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Indians inhabited Oregon’s inland valleys for thousands of years before Euro-Americans began to arrive in the late 18th Century.

The 90-ton glacial erratic rock at the top of this 1/4 mile-long trail is a stranger from a distant location- it was transported here thousands of years ago on an iceberg in the wake of a cataclysmic flood.

(Sign A) This building was a Military Blockhouse built at the Grand Ronde Agency by Willamette Valley settlers in 1856. U.S.

Many of Oregon's early transportation routes resulted from the efforts of enterprising pioneers like the Boone family of Clackamas County.

During the period of Oregon’s Provisional Government (1841-1849), residents traveled by Indian trails, water courses, or on primitive rough-hewn wagon roads etched by emigrant settlers.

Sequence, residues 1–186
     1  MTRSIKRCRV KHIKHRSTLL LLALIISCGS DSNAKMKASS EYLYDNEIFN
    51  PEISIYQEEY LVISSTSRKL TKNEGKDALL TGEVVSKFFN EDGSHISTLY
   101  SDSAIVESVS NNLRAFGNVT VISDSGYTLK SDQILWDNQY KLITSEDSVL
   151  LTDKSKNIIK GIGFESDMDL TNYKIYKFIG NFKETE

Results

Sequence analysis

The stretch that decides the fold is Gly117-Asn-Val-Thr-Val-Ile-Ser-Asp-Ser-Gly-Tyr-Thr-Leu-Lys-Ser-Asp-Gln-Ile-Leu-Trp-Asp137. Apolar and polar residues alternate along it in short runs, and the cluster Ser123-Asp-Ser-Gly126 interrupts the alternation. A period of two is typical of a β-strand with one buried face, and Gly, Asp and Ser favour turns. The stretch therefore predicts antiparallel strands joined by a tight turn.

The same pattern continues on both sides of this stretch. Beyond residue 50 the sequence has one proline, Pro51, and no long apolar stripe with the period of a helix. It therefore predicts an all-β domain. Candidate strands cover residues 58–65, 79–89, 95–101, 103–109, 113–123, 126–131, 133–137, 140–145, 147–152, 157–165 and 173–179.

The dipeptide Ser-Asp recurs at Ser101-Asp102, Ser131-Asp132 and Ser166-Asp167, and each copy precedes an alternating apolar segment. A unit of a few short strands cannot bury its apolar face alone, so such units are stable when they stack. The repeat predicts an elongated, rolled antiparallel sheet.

Dr. Wilhelm Keil founded here a Christian co-operative colony patterned after his colony at Bethel, Missouri. Musicians of the settlement made it widely famous. After Dr.

Established as Provisional Government Park in 1913 to commemorate May 2, 1843 meeting of the "Inhabitants of the Willamette Settlements" to organize a civil government.

The first trading post in the Willamette Valley was located on the Prairie Knoll just east of this point.

From 1845 to 1849, George Abernethy was the first Provisional Governor of the Oregon Country, which extended from the Pacific Ocean to the Rocky Mountains and from California to Northe

Chief factor of the Hudson’s Bay Company at Fort Vancouver, philanthropist, and founder of Oregon City.

Was early the site of an Indian salmon fishing village.

Still in use below this point-were opened on New Years Day, 1873, when the steamer Maria Wilkins became the first vessel to navigate up the west end of Willamette Falls.